STSM – Visualization of Library Data for the Purpose of Discovery Layer by Milan Cvetic

STSM – Visualization of Library Data for the Purpose of Discovery Layer by Milan Cvetic

Visualization of Library Data for the Purpose of Discovery Layer

Report on the STSM of Milan Cvetić

Visit at University of Malta, 16 to 25 March, 2016

When I think of cultural heritage, Malta and its capital city Valletta is one of the first places that come to my mind. So, when I thought of the challenges of visual tools supporting the discovery process within distributed cultural heritage collections, I thought of coming once back to this tremendous island and work with Prof. Milena Dobreva at University of Malta on this.

During my short term scientific mission, I explored the issue of visualization tools used across a range of memory institutions in Malta. It was very useful to discuss with professionals from the National Library of Malta and the National Archives of Malta, especially on the topic of on-line access to primary sources (archival material), as in the case of one of the most popular local resources- the Archives of the Sovereign Military Order of Saint John of Jerusalem, Rhodes, and Malta, especially because the National Library of Serbia still doesn’t offer this service. Also, it was insightful to meet a lecturer from the Department of the Architecture & Urban Design Faculty of the University of Malta for additional discussions on aspects of regional cultural heritage. Furthermore, different professionals from the Library of the University of Malta (deputy director, assistant librarian and IT) presented the visualization solutions used in HyDi, the discovery layer implemented in this institution.

From their practical experience and the literature survey, it was concluded that there is an ongoing rivalry among several leading proprietary software vendors. Depending on the choice of the software, the same query will probably elicit results that are extensively different, mostly because of the problems with metadata availability[2].

Furthermore, even though the navigation tools for most solutions are very similar, it is still not quite clear according to which criteria the facet values are generated. To illustrate the differences, from the Image 1 (showing Primo[3] Ex Libris software implemented in HyDi[4]) and Image 2 (EBSCO Discovery Service[5] implemented in Scientific Consortium in Serbia- KoBSON[6]), on the left-hand side we can see that the same search query (in this case “discovery layer”) elicits some different values in subject/topic index. Also, Primo gives possibility to filter results by Author, while in Discovery Service the information on Publisher is more relevant. Finally, HyDi Primo offers some additional options for navigation through resources (e.g. through A-Z list of journals, Database search, Library Catalogue and Personal Space for users), while through KoBSON implementation of Discovery Service users get the possibility of optimisation of page layout (Page Options) and multiple facet choice for filtering of recall. Even though visualisation tools are various, the algorithms and the criteria for the recall ranking are something which librarians cannot easily influence. When it comes to Open Source discovery layers (such as Blacklight[7]), they offer more flexibility to librarians to modify the ranking, facets and other navigational tools, however they usually require the same software to be implemented for the library catalogue as well. Also, it may be a risky choice to implement these solutions due to the need in highly skilled IT staff and developing power, as well as additional staff time.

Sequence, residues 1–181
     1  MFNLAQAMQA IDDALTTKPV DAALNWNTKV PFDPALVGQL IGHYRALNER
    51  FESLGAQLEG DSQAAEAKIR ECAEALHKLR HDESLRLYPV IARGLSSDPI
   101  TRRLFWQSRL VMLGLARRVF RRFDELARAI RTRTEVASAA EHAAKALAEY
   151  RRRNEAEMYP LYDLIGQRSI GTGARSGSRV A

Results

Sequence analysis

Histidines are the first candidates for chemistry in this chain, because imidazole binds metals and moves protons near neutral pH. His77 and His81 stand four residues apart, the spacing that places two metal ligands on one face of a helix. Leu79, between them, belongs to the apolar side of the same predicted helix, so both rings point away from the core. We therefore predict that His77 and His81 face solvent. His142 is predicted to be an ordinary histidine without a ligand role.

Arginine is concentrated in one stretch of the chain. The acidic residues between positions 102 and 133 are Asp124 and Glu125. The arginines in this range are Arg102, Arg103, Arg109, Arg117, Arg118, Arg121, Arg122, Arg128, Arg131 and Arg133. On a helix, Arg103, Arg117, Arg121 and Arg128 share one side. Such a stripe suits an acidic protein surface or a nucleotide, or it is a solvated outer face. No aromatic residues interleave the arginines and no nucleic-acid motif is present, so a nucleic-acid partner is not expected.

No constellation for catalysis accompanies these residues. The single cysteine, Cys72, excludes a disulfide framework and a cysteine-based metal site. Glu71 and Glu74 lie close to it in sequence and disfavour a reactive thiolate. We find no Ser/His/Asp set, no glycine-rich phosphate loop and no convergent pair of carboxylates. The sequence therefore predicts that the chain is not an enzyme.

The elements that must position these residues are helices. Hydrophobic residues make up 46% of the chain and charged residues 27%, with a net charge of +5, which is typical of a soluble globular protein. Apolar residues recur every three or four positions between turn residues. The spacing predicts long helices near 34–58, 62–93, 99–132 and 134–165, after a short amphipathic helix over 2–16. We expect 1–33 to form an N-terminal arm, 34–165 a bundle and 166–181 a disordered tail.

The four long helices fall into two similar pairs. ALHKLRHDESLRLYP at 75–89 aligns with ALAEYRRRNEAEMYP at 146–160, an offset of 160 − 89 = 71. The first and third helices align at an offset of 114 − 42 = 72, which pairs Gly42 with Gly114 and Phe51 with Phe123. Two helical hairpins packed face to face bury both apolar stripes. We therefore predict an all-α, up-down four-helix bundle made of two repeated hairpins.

So, one of the main issues of this topic, presenting an interesting research question still not explored in detail, is how to educate/allow librarians to influence and edit rankings. Finally, there is no much clarity on the requirements of librarians for “tunable” tools. Our initial interviews with professionals from three different memory institutions in Malta showed diverse opinions on this matter. This line of research can be continued in the future, involving more cultural heritage professionals from other countries.

The challenge of offering highly usable discovery layer was tackled for the past 10 years and various institutions tried to resolve it by using different software. According to the study conducted by Chickering and Yang (2014) [8] we can conclude that so far there is no ideal solution to overcome all the issues that are imposed to the libraries which intend to offer one-stop shop services to their users.

Still, the insights gained during this research will significantly influence the choices that will be made when implementing discovery layer software solution in the National Library of Serbia and subsequent publications on this topic will acknowledge the STSM to the University of Malta. Finally, I would like to express my deepest gratitude to the Library, Information and Archive Sciences Department of University of Malta and especially Dr Milena Dobreva for hosting and supporting this research.

Milan Cvetić

Head of IT in the National Library of Serbia

Image 1- Visualisation of search results in HyDi (Ex Libris Primo) – search query “discovery layer”

Image 1 Primo







Image 2- Visualisation of search results in KoBSON (EBSCO Discovery Service) – query “discovery layer”

Image 2 Discovery Service









[1] Vaughan, J. (2011). Investigations into library web scale discovery services. Information Technology and Libraries. Available at:

[2] Orbis Cascade Alliance. (n.d.). EBSCO and Ex Libris. Available at:






[8] William F. Chickering and Sharon Q. Yang. (2014). Evaluation and Comparison of Discovery Tools: An Update. Information Technology & Libraries 33, no. 2. Available at: